One moment Deron was opening the closet door in his bedroom in Columbus, Ohio, and the next, he was standing in the middle of a Klu Klux Klan gathering in Savannah, Georgia, circa 1875.
He instantly knew he was in danger. Being an African-American in this group was like being a lamb in a lion’s den. He quickly looked around for a door. A farm-house stood nearby.
Gritting his teeth he burst through the crowd of surprised Kluxers, and dashed to the door. As he stepped through it he heard the sound of gunfire.
Another trip via his closet door. This was his second attempt in two days. Deron and his parents, and two sisters, had just moved into the ranch style home.
His parents loved the place. It sat on a full acre of land. The girls got a room, he got a room, and his parents got the master bedroom.
The first night, as he unpacked his clothing, he discovered that the closet door was not like other closet doors.
He stepped in with a handful of shirts on hangers and the next moment he was standing in a hobo camp near Hoboken, New Jersey, circa 1934. Men in shabby suits and hats were dipping bowls into a big open pot that stood above a makeshift fire.
At first no one noticed him. He stood there, holding the shirts, and staring at the scene unfolding in front of him. Then someone saw him, and his strange clothing. Something in his head told Deron to look for a door.
He ran across some railroad tracks and up to a shabby-looking train station. Without wondering why, he opened the door. Back in his bedroom again, Deron still clutching the shirts, gasped with a combination of fear and excitement.
Day three. Deron’s parents took his sisters to a soccer game. He didn’t have to go. He thought about the closet door as they filed out the front door. Then he was alone. Back in his room and considered his two experiences.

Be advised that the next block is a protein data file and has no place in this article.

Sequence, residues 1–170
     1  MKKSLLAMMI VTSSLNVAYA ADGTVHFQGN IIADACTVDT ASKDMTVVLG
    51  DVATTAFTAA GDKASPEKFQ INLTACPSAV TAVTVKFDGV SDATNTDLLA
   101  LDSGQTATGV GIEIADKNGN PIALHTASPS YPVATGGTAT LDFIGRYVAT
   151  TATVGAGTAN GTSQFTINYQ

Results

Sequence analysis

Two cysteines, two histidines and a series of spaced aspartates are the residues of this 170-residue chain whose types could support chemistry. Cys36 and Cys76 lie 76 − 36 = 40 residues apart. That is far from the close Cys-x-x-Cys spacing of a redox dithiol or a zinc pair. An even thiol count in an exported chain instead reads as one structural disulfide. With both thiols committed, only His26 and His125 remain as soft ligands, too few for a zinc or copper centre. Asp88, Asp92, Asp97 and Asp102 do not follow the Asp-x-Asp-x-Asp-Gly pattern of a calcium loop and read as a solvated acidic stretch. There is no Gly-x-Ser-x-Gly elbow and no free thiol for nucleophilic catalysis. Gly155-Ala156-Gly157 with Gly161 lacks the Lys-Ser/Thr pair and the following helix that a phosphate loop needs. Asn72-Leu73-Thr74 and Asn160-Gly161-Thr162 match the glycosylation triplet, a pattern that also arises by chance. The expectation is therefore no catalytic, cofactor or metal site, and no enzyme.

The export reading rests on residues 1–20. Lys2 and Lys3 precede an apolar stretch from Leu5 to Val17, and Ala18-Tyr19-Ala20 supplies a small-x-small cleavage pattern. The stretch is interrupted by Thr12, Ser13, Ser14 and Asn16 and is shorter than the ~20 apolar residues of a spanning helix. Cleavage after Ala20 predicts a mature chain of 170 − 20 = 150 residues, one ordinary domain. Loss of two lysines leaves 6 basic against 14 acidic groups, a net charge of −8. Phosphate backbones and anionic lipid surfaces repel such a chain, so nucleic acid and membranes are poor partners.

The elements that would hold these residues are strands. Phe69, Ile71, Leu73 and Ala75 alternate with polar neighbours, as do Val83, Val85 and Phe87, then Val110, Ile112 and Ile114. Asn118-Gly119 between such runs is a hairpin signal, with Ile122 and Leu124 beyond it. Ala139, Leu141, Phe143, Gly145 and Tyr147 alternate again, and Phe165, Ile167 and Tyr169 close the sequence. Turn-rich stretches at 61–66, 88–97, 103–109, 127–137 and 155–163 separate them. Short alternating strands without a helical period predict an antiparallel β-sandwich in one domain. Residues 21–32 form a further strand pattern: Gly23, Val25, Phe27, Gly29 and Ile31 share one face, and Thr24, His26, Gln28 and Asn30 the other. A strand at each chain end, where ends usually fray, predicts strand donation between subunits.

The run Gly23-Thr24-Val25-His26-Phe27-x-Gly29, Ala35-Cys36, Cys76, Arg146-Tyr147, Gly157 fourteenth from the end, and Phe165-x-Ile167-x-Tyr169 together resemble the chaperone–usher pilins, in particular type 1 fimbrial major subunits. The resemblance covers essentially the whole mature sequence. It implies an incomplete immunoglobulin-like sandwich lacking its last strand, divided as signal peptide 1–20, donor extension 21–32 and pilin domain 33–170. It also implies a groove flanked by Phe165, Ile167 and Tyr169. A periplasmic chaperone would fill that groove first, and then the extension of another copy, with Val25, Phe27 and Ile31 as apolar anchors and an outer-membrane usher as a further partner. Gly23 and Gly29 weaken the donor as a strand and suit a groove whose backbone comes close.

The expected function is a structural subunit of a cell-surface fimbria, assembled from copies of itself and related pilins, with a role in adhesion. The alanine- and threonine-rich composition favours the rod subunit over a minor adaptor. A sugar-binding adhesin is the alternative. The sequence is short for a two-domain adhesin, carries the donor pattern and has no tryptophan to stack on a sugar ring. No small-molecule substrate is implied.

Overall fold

One, had almost gotten him killed. He wasn’t sure what would have happened if he stayed longer at the hobo camp. They were all white.
He was six weeks away from graduating high school, and had no idea what he was going to do with his life. His parents wanted him to go to college. His dad was a dentist, and his mother was a doctor.
He looked at the closet door. This time, when he stepped inside he couldn’t tell where he was. It was dark outside. No moon. As his eyes adjusted he realized he was standing on a well-trimmed lawn.
Then he made out a house. His house. Was he in the past, or perhaps the future? He slowly approached when he saw a flicker of light in one of the windows. Flames! What was going on?
He ran around to the front of the house – yes it was his house – and tried to open the front door. It was locked and he didn’t have his key. Looking through the front picture window Deron saw flames crawling along the walls.
The kitchen was engulfed. Deron threw his body against the front door. Once. Twice. He heard screams. He stepped back and lunged at the door once more. This time it gave way and he lunged into the smoky interior.
His father came out of the girl’s room desperatly clinching onto their limp bodies and shouting his name. His pajames were on fire and pieces of flaming debre filled the hallway. Deron screamed his name.
Forced outside by the intensity of the heat and smoke, Deron stumbled out to the family car. He opened the door, got inside, and watched the roof collapse. In the distance he could hear sirens.
He glanced at the passenger’s seat and saw a stack of newspapers and dental journals. The date on the top newspaper was April 1, 2017. When he walked through the door it was March 31st, 2017!
There was hope. He got out of the car as the first fire engine pulled up. As the firefighters did their job he jumped into the passnger side of the truck and closed the door. It had to work!
When the family returned from the girl’s soccer practice they found a sober Deron who seemed awful glad to see them. Deron didn’t go to bed that night. Instead, when he was sure everyone else was sleeping he snuck out into the livingroom and sat on the wicker rocking chair.
Then he snacked on gummi bears as he patiently waited for the fire to start.
As it Stands, this story is a nod towards H.G.Wells’ masterpiece, The Time Machine.